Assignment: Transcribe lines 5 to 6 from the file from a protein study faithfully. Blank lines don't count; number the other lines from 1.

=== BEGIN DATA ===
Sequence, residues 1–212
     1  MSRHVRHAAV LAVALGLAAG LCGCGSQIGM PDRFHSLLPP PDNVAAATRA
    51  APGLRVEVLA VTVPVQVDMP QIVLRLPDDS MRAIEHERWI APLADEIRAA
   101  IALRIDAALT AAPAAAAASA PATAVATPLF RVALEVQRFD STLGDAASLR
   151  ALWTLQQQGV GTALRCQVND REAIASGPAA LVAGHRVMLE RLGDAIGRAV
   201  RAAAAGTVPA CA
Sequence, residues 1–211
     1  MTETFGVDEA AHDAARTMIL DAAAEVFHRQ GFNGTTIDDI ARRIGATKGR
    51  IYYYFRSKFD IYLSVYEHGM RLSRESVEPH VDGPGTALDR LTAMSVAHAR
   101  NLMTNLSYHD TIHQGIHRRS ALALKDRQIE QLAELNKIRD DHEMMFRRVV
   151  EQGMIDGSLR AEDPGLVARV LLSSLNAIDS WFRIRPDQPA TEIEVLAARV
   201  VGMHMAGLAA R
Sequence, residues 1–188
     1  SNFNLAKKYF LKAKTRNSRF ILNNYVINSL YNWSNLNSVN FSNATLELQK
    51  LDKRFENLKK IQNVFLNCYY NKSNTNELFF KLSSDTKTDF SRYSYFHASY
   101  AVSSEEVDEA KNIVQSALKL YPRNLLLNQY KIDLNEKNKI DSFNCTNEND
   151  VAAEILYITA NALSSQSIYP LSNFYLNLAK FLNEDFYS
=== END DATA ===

   151  ALWTLQQQGV GTALRCQVND REAIASGPAA LVAGHRVMLE RLGDAIGRAV
   201  RAAAAGTVPA CA